It’s a fall tradition, but for John McCullough it begins during what’s usually the hottest week of the year.
At some point during the summer, McCullough will start to cut lines into a corn field on the 600-acre Mercer, Pa. farm he owns and operates with his brother David. It takes several days to lay the foundation for the Coolspring Corn Maze, named the best in the country by USA Today readers.
This year’s maze is called “Westward Go,” a nod to its dual “Pokemon Go”-American West theme.
“When the Pokemon thing kind of took off, we tried to think how we could make the two go together,” McCullough said of the popular app featuring Pocket Monsters and Western imagery. The resulting design, spread out over 12 acres, includes the name, a tipi, a totem pole and a Pokemon Trail.
The reaction, according to McCullough? “It’s been pretty good.”
“There are actually Pokemons in the maze … You can get your phone out and do that,” he said. Because Pikachu’s not great with directions, there are also human beings to help customers with navigation.
There isn’t any lighting, however, so don’t forget a flashlight or charged phone for evening-hour visits.
McCullough started the maze about 12 years ago, after another local farm decided to stop doing theirs. He taught himself how to make one with a book he bought online. (He’s since learned new techniques at North American Farmers Direct Marketing Association conventions.)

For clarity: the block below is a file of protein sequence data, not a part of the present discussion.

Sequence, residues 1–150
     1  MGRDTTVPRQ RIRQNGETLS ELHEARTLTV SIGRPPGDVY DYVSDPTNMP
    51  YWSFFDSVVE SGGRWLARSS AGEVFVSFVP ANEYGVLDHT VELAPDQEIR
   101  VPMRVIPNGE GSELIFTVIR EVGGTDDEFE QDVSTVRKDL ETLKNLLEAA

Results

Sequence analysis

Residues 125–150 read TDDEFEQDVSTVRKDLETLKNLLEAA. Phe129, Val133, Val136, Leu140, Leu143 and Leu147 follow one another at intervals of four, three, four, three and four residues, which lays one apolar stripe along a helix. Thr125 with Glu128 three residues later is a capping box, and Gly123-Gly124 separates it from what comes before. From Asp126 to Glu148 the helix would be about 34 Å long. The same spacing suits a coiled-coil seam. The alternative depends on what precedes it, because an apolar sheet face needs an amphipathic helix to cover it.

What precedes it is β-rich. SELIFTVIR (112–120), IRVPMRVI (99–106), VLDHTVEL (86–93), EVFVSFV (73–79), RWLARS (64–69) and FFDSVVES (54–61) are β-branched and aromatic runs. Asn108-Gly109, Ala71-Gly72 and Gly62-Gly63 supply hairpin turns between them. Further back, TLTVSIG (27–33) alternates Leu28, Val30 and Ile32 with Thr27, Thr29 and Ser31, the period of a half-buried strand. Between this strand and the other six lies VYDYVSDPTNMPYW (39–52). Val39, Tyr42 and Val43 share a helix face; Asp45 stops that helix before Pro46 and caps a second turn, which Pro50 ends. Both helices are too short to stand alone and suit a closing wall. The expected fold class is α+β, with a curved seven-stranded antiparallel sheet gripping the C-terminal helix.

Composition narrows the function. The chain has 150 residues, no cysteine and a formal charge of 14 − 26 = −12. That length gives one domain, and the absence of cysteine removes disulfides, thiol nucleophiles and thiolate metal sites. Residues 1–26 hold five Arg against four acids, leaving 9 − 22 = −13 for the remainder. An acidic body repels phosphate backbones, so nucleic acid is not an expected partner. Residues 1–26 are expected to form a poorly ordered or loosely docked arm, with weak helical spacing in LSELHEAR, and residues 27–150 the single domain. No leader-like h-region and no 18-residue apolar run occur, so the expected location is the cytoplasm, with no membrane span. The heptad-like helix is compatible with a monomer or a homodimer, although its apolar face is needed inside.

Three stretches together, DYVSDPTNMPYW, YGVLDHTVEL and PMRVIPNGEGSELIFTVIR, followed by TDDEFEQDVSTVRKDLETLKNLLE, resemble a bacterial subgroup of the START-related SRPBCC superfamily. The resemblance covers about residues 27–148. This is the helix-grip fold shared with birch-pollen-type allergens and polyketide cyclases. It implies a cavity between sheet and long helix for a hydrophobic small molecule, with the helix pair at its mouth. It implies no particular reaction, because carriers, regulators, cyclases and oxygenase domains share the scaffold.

The first design was the head of an American Indian chief — but it “looked a little more like a lion.”
“We were kind of new at it,” he said with a laugh.
The process for the first few years was painstaking. McCullough would draw maze designs on graph paper. Then, when the corn was six to eight inches tall, he would count and mark off squares in the field using spray paint. “Each line on the graph paper was represented by a line of corn,” he explained.
“It was a lot of work,” McCullough said, adding that it took two or three weeks to complete.
Now, he uses Adobe Illustrator to draw the maze design, which is programmed into a John Deere mower using a GPS system.
Farmers can actually buy mazes from companies and program them into this tool, which navigates and moves mowers without human assistance.
“But I’m a little bit artistic,” McCullough said. He still draws the mazes himself and comes up with a theme that either has a special meaning to the farm or references something from popular culture.
And while he uses GPS technology to plot out the maze, McCullough’s still the one steering the mower.
The maze, located about an hour north of Pittsburgh, is open until Nov. 6 on Fridays from 4 p.m. to 11 p.m.; Saturdays from 11 a.m. to 11 p.m.; and Sundays from 11 a.m. to 8 p.m. Admission to the farm costs $9.95 a person and includes access to the corn maze plus a hay ride to a pumpkin patch.